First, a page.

- Add seeds or nuts. Stir. Add breadcrumbs from stuffing mix. Stir well and fluff with a fork.
- Pile stuffing mix into the center of the pumpkin, pushing down and into the corners.
- Put the “lid” back on.
- Wrap the pumpkin in foil and set on a baking tray large enough to catch any dripping.
- Cover and bake at 350 for about two hours. Pumpkin is done when the sides push inward with finger pressure. It gets pretty soft.
- Serve hot. Will “stand” if properly wrapped (I use a blanket!!!) for up to 3 hours and still be hot. Store leftovers, covered in fridge. Can be reheated in the microwave by servings.
From THE FESTAL BOARD Samhain edition by Rain Redknife NOTE: Real Pagans don’t steal. I worked hard to become a good cook, and so did the folks credited above. If you share these recipes elsewhere, pretty please care enough to leave the source tags on them!
Avesha’s Belt-Bustin’ Shepherd’s Pie (can be made ahead)
[Ed.-This recipe makes a pie that will serve 6. If group size is unknown, don’t hesitate to make two or three of ’em; leftovers will freeze.]
- Two 12-oz. packages veggie “ground beef” crumbles
- 1 med. red onion, thinly sliced
- Salt and pepper to taste
- 1 can whole kernel corn, drained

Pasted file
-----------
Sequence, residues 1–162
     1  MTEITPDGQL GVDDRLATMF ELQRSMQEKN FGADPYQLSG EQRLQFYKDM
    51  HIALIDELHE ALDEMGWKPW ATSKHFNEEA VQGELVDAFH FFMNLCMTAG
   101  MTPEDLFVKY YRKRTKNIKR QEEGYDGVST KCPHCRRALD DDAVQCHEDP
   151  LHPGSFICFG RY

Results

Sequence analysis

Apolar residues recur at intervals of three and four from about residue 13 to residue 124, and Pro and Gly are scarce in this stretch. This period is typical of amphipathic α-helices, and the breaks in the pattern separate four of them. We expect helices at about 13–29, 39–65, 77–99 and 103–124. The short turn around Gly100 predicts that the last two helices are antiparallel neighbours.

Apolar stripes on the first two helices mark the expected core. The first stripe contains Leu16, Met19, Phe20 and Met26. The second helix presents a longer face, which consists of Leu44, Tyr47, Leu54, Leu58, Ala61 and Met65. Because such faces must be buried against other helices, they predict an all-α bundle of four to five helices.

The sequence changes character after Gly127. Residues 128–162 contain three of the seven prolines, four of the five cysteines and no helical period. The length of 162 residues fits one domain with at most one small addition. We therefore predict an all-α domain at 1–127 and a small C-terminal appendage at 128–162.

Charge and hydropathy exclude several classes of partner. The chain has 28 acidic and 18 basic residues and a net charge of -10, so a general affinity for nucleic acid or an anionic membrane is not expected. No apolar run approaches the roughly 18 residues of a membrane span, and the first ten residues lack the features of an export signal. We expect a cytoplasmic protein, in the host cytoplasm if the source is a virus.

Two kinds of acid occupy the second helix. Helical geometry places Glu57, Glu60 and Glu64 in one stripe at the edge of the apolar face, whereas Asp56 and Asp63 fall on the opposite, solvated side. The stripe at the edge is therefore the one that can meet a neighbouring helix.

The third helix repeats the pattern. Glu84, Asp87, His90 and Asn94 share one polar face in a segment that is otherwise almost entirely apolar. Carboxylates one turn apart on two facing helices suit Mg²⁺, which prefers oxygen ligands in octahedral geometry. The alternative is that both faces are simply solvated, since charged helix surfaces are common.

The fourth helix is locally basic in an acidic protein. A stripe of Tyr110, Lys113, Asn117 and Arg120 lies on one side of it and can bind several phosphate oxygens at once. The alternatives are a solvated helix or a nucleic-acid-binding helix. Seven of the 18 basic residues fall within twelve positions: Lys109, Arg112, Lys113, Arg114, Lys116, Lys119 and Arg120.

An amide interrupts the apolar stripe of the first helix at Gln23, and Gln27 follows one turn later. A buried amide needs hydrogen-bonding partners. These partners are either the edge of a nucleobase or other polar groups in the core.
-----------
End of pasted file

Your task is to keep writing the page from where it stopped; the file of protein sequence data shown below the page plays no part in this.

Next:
- 1 can creamed corn
- 1 cup frozen peas
- 1 1/2 pounds potatoes, peeled and cut up
- 1 tsp. marjoram
- 1/2 tsp. thyme
- 2 Tbsp. chopped chives
- 1 Tbsp. minced garlic, or to taste
- 1/2 cup butter (or vegan margarine)
- 1 Tbsp. olive oil (optional–see below)
- Paprika (optional)
- Preheat oven to 350^F.
- Boil potatoes in enough salted water to cover.
- Meanwhile, saute onion in a large skillet with 1 Tbsp. butter or olive oil until translucent. Add “beef” and herbs, and cook till heated through. Salt and pepper to taste and remove from heat. Transfer mixture to a non-greased baking dish, a deep 10″ casserole or a 9″x13″ pan; if this is a non-metal dish, the pie can be nuked quickly between ritual and dinner.
- Spread each type of corn in a layer over the “beef”. Do the same with peas and set aside.
- Pour off water from potatoes. Add garlic, chives, remaining butter, salt & pepper and mash to your favorite consistency. Spread the mashed potatoes over pie and sprinkle with paprika.
- Place on a foil-lined cookie sheet (pie will bubble over.) Bake for 30-45 minutes, or until potatoes are golden and the juices from the “beef” and veggies are bubbling around the edges.
- Allow to cool for at least 10 minutes and serve or refrigerate. Reheats fine, and can be frozen. Serves 6. Source: adapted from a recipe by Avesha on vegweb.com <http://www.vegweb.com/>
Legendary Oven Hash – From: http://thecupwa.blogspot.com/2010/10/samhain-celebration-recipes.html (site now inactive)
- 1 cup coarsely ground beef
- 1 cup coarsely ground potatoes
- 1/4 cup coarsely ground onion
- 1/4 cup snipped fresh parsley
- 2 tsp. Worcestershire sauce
- 6oz can evaporated milk
- 1/4 cup fine dry bread crumbs
- 1 tbs. butter/margarine melted
In frying pan, combine and cook beef, potatoes, onion, parsley, and Worcestershire sauce, and evaporated milk. Remove from heat and turn out into a 1 qt casserole dish. Mix bread crumbs with melted butter/margarine and sprinkle on top. Bake in oven at 350 degrees for 30 minutes.
Makes 4 servings.